STEWART: Also, if you weren't up watching the debate, maybe you were up watching the TV show, "Lost." There's only eight episodes, but that's pretty good considering there's a writers' strike going on. A critic will join us, as well as a super fan from our staff will come in here. And we'll talk about last night's glorious return of the show.

WOLFF: Oh, I can't wait.

STEWART: We'll also go to Rachel Martin for today's headlines in just a minute.

But first, here is the BPP's Big Story.

(Soundbite of music)

WOLFF: A red carpet turned blue.

The sort of stars packed the Kodak Theatre in Los Angeles last night for the CNN/ Democratic debate. George Costanza was there. Quentin Tarantino was there. Gary Shandling - alive and looking well. Pierce Brosnan -lately James Bond was in the audience, along with Fran Joy Drescher(ph) and, of course, for a military credibility, the Iron Eagle himself, Louis Gossett Jr. Yes, Louis Gossett Jr.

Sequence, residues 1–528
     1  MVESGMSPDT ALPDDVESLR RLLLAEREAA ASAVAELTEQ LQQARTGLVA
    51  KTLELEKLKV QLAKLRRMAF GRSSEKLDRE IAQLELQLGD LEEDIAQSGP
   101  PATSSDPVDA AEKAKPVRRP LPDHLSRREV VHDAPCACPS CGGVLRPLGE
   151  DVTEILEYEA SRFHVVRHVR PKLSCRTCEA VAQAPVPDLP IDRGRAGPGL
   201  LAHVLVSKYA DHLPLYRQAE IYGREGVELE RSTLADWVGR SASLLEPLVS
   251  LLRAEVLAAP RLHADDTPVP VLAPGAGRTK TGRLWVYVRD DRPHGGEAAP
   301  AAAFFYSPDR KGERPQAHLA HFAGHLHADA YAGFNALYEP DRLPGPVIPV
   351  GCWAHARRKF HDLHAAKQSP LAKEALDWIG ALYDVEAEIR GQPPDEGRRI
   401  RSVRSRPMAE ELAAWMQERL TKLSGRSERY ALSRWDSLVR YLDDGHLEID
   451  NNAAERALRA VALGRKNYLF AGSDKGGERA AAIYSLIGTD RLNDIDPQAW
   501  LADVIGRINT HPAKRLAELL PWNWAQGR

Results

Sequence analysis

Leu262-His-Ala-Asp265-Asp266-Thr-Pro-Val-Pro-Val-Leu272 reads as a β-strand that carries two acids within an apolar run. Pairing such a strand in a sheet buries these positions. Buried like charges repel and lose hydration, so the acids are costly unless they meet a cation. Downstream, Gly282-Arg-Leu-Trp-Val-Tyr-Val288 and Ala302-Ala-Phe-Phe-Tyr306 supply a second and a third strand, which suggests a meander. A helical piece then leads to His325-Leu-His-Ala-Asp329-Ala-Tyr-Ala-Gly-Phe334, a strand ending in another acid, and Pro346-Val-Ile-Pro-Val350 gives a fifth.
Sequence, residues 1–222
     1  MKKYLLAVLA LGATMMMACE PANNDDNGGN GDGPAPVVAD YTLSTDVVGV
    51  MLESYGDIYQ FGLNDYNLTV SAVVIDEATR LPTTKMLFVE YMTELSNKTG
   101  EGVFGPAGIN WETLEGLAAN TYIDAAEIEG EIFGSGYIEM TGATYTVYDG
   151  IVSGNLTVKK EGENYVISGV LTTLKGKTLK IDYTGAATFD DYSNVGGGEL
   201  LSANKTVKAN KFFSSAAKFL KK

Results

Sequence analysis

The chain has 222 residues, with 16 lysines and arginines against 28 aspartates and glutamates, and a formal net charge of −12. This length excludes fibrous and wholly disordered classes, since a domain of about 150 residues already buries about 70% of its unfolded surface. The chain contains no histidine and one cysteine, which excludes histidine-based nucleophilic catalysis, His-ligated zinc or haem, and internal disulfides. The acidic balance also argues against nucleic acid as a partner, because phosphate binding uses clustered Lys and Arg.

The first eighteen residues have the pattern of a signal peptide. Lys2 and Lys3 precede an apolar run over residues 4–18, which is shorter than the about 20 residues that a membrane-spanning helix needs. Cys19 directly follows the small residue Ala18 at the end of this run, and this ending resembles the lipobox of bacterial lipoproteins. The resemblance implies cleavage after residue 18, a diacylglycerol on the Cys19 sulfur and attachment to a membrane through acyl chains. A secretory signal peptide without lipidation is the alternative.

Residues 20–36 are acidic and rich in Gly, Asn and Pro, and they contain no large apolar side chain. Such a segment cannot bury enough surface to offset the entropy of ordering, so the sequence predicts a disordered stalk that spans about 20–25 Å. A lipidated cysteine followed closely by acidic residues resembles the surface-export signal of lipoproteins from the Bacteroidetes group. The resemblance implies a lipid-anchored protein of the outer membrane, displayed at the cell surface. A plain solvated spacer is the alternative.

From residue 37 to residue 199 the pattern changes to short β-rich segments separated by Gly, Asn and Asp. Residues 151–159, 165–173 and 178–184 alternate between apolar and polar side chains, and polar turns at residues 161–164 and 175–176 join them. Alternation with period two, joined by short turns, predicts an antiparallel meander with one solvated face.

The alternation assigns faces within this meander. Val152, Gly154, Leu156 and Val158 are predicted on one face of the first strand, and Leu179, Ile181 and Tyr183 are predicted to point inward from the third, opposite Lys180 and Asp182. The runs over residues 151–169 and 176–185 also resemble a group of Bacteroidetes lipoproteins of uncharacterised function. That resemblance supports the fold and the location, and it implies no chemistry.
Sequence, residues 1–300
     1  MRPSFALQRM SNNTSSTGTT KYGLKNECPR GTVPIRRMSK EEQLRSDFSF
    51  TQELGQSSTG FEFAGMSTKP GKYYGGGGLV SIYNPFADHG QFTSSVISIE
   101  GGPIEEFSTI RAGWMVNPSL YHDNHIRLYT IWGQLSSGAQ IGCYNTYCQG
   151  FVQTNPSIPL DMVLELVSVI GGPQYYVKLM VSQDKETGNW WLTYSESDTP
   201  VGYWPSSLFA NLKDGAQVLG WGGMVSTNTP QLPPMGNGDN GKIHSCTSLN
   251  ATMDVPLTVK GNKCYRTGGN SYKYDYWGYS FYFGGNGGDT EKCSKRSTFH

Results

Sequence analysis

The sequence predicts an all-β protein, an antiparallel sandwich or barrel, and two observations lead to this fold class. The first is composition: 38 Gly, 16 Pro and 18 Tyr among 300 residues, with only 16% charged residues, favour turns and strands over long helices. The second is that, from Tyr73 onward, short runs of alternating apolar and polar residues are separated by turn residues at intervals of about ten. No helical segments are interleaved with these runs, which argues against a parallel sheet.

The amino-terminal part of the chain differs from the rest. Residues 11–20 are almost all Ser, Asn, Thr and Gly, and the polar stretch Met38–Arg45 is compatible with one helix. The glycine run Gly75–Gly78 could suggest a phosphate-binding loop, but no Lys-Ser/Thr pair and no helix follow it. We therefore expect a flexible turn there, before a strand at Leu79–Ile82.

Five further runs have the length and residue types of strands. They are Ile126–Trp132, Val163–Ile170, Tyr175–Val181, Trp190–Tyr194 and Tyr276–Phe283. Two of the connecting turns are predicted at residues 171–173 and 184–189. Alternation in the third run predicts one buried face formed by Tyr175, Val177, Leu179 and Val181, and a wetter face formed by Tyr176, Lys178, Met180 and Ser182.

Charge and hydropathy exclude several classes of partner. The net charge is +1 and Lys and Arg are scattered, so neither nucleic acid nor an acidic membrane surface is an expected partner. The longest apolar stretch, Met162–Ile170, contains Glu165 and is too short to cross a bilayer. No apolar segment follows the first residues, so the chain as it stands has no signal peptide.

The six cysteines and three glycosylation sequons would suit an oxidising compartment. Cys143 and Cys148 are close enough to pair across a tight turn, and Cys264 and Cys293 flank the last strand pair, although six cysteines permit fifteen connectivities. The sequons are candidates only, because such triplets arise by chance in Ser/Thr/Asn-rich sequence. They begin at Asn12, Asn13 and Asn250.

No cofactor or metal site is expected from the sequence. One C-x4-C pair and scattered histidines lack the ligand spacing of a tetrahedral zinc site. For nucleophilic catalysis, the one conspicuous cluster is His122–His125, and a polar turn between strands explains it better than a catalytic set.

(Soundbite of CNN/ Angeles Times Democratic debate)

Senator BARACK OBAMA (Democrat, Illinois; Presidential Candidate): I don't think the choice is between black and white, or it's about gender or religion. I don't think it's about young or old. I think what is at stake right now is whether we are looking backwards or we were looking forwards. I think it is the past versus the future.

Mr. WOLF BLITZER (Reporter, CNN): Thank you, senator.